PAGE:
Home Local News Warrant: Infant found in S.C. hotel room died of shaken baby syndrome

Warrant: Infant found in S.C. hotel room died of shaken baby syndrome

Geames Ratliff of Rockingham appears for a bond hearing on Thursday. He is charged with homicide by child abuse. The victim reportedly died of shaken baby syndrome.

MYRTLE BEACH, S.C. — An infant who was found unresponsive in a hotel room over the weekend suffered injuries consistent with shaken baby syndrome, according to the autopsy.

WMBF reported Thursday that the information on the death was obtained from warrants.

WMBF reports that police responded to a call about an unresponsive infant Aug. 25 at the Camelot by the Sea hotel. During a search of the room, officers with the Myrtle Beach Police Department reportedly found a white substance near the boy’s bottle that tested positive for cocaine.

Police said there were four other children in the room, WMBF reports.

A spokesman for MBPD would not confirm if Ratliff is the child’s father.

According to the television station, the unresponsive child was taken to Grand Strand Medical Center in critical condition. That child died Tuesday morning, Horry County Coroner Robert Edge confirmed to the station.

Rockingham resident Geames Kena Ratliff, 37, was charged late Wednesday afternoon with homocide by child abuse. That charge, if convicted, carries a sentence of 20 years to life, online South Carolina court records show.

Ratliff had a bond hearing Thursday morning, but WMBF reports the judge said his bond must be set by a circuit court judge because of the seriousness of the charge.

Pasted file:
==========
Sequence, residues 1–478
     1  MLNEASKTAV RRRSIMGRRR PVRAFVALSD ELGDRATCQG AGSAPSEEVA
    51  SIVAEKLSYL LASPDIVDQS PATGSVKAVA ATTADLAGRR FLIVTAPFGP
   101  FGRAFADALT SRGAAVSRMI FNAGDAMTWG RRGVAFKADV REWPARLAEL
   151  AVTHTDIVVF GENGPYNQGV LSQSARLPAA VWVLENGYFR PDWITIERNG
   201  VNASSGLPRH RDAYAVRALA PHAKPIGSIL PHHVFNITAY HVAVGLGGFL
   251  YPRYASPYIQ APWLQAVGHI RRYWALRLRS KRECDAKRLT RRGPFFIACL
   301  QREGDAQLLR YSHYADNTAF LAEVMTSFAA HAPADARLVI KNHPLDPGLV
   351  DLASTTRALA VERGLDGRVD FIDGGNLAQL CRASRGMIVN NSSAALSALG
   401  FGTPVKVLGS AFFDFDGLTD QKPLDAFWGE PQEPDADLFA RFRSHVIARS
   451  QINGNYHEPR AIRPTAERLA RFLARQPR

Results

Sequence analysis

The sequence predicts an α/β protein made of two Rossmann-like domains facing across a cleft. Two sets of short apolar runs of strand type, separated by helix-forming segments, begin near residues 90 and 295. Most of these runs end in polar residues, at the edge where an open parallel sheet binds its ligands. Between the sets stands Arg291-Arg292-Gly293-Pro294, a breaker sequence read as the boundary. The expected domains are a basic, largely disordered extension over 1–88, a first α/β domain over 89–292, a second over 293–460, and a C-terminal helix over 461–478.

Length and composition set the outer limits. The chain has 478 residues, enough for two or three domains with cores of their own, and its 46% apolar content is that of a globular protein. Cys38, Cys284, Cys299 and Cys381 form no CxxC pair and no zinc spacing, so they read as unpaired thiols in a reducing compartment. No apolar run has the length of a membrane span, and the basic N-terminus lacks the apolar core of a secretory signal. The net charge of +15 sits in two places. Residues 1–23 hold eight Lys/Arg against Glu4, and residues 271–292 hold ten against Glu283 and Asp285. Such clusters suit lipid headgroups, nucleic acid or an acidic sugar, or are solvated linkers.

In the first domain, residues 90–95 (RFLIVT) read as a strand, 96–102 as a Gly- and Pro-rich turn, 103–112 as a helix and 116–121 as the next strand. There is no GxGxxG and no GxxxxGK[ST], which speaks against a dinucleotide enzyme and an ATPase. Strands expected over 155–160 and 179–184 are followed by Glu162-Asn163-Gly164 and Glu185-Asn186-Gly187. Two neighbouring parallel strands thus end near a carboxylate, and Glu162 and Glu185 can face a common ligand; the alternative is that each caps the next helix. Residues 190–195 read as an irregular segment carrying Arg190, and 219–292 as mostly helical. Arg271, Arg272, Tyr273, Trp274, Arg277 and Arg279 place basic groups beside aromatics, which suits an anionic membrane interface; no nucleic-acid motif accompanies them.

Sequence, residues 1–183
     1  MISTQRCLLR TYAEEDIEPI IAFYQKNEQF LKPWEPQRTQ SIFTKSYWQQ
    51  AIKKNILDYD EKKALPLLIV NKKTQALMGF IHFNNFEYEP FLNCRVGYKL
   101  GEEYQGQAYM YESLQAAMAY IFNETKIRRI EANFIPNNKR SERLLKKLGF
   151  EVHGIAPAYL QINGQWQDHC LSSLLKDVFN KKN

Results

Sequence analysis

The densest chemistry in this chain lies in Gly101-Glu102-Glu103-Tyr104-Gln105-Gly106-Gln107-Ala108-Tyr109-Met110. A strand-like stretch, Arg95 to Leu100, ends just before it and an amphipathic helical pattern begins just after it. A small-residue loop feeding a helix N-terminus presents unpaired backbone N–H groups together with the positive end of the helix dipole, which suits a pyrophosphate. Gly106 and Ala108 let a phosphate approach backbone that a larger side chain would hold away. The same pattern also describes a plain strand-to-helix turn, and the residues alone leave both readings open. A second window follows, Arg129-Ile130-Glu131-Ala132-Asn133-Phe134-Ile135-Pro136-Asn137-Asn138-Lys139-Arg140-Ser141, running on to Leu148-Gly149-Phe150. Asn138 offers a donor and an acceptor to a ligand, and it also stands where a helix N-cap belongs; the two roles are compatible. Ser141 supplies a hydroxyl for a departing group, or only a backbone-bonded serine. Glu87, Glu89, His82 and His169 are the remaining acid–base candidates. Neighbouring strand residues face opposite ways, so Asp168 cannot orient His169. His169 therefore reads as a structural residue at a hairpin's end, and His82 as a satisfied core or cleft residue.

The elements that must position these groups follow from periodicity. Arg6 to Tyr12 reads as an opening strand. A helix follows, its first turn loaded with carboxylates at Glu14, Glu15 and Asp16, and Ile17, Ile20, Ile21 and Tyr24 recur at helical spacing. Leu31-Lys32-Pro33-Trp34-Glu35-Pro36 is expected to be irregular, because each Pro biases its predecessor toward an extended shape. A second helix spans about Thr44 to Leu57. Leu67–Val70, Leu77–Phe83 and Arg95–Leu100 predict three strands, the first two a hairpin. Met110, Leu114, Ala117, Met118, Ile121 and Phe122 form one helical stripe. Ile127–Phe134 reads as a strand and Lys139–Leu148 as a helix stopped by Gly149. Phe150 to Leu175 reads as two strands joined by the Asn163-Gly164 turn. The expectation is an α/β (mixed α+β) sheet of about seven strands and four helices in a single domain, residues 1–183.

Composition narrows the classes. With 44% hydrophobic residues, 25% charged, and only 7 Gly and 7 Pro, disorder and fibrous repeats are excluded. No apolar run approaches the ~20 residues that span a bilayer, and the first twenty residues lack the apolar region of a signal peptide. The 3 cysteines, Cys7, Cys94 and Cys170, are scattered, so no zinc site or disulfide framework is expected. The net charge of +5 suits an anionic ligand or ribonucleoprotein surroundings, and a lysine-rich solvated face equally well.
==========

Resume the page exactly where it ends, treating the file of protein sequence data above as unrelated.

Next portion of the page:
His attorney was not present at the hearing, according to the station.

Ratliff and 32-year-old Laquena Lanishia Bostic, of Hamlet, were arrested and each charged with five counts of unlawful neglect of a child or helpless person by a legal guardian and one count of possession of cocaine.

Ratliff is still being held in the J. Reuben Long Detention Center without bond on the homicide charge. He has a $125,000 secured bond on the neglect and drug charges. 

Bostic was reportedly bailed out.

All defendants facing criminal charges are presumed innocent until proven guilty in a court of law.

The American Association of Neurological Surgeons defines shaken baby syndrome, or shaken impact syndrome, as “a serious form of abuse inflicted upon a child. It usually occurs when a parent or other caregiver shakes a baby out of anger or frustration, often because the baby will not stop crying.”


The shaking, according to the AANS, can lead to serious or fatal brain injury. Most victims of shaken baby syndrome are younger than 2 years old and the perpetrator is “most often the father, boyfriend of the mother, female babysitter or the mother.”

Also from the AANS:

“The National Center on Shaken Baby Syndrome estimates that there are between 600 and 1400 cases in the U.S. a year. Because there is currently no reliable method of collecting these statistics, the true incidence is unknown. This syndrome is the most common cause of death and long-term disability in infants and young children who are victims of child abuse.”